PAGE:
While the details are still being confirmed, the shooting down of Malaysia Airlines flight MH17 is going to be the deadliest disaster in aviation history. Blame games are going on over the origin of the surface-to-air missile, but the latest evidence strongly suggests that it was a Russian-made missile shot by a separatist group in the eastern part of Ukraine. The commercial jetliner was tragically mistaken for a military target.
The latest tragedy reveals the vulnerability of civilian airliners. With global aviation routes woven into a thick web of connections, commercial jetliners
have become easy prey for a reckless attack. It is now being confirmed that these antiaircraft missiles can hit any commercial airliner at a cruising altitude of 9 kilometers. Even scarier is the acknowledgment that some missile launchers out there, lacking proper radar tracking systems, do not even identify friend or foe, civilian or military aircrafts. These revelations frustrate us after all the efforts to tighten security checks at every airport in the world ― the front door is closed but the back door is wide open.
As with any other aviation tragedy of this magnitude, many countries are now involved in the investigation. The latest release from Malaysia Airlines lists 10 different nationalities for 298 passengers and crew members. The 1944 Chicago Convention on International Civil Aviation stipulates that states of occurrence, registry, operator, design and manufacture can all participate in an investigation of this sort. So, we are expecting a lengthy, multinational probe into the disaster in the coming months and perhaps years.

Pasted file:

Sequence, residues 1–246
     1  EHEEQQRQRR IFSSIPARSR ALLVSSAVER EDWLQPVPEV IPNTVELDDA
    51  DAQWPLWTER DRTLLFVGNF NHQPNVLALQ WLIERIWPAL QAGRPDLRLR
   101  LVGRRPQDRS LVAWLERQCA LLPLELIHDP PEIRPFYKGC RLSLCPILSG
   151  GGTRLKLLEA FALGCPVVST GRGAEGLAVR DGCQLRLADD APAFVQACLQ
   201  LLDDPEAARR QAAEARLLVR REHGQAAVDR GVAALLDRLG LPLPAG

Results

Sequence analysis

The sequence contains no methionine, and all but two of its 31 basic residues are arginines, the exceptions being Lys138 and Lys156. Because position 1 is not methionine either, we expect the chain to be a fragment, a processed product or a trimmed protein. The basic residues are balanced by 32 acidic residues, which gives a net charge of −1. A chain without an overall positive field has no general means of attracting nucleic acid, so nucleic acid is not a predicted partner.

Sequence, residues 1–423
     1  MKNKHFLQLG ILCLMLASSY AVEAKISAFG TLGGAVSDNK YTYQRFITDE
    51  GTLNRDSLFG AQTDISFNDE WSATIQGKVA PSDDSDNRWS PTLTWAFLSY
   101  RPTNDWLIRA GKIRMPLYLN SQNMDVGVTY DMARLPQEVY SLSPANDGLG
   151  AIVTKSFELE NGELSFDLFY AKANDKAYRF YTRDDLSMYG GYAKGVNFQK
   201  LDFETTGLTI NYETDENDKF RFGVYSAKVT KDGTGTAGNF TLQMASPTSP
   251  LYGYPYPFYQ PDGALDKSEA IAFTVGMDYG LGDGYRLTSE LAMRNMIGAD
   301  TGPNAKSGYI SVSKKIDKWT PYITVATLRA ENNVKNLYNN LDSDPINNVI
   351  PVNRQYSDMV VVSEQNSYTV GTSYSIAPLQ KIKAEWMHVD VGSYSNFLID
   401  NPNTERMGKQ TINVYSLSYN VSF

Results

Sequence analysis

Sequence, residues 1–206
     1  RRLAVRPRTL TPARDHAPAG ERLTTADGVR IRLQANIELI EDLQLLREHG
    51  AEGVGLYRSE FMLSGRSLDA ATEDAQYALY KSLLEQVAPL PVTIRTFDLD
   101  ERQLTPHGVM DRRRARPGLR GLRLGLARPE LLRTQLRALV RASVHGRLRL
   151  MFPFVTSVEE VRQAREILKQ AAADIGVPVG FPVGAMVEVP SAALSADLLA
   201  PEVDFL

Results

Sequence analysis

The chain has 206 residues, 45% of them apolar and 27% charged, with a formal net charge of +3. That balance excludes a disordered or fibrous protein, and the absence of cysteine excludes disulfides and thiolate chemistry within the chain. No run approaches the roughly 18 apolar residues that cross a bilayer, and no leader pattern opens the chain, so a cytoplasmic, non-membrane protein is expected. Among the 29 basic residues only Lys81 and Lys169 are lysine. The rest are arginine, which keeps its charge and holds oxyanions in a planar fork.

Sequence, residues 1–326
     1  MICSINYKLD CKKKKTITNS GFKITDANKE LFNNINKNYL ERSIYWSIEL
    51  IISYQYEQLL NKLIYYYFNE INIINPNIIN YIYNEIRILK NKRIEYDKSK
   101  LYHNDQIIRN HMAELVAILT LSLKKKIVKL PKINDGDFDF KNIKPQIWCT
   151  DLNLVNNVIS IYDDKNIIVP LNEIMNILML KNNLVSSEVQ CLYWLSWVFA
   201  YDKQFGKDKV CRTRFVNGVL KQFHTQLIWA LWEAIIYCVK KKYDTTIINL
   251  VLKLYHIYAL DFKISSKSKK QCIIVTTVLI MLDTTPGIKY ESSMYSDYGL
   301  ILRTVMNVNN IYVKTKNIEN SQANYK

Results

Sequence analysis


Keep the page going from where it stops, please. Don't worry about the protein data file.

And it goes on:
The first statement from the Malaysian government is that the tragedy constitutes a direct violation of international law. Of course, an undeniable legal liability will lie with those who mistook the Kuala Lumpur-bound jetliner for a military transport craft and fired an antiaircraft missile. No question about it. Besides, if the missile had been supplied by another country to the separatists, and the separatists were under the “direction and control” of the supplying country, that other country could also be held liable. The future investigation and fact-finding will determine who is responsible.
Aside from finding out who is responsible for taking down the aircraft, one lingering question is why the Malaysia Airlines flight used the route over the war-torn Ukrainian territory. Malaysia Airlines and the Malaysian government have been stressing that the route was declared safe by the International Civil Aviation Organization, and that there were other airliners using the same route. This is critical because under international aviation law the existence of negligence on the part of the airliner significantly affects the level of compensation for the victims: in the absence of negligence, the compensation is fixed at about $174,000 per person.
If the account of Kuala Lumpur is true, then a sense of anxiety settles in. Battles have been waged in the region for some time now, and the firing of surface-to-air missiles has been reported recently. It is also common knowledge that these weapons can easily reach the altitude of commercial flights. It is a pity then that no action has been taken under these circumstances. National aviation authorities of many countries and the ICAO would have had to issue a warning and designate a no-fly zone. But nobody has connected the dots.
According to the ICAO, global air traffic is projected to double in the next 15 years. With capacity expansion of this level, risk identification and prevention should also move to a new level. Fuel efficiency and cost-cutting are on the priority list of the aviation industry. Passengers are all preoccupied with finding the cheapest tickets available. Perhaps this is not an ideal environment for comprehensive aviation risk assessments to take root. The MH17 tragedy is a wake-up call about the vulnerability of global civil aviation.
By Lee Jae-min
Lee Jae-min is an associate professor of law at Seoul National University. ― Ed.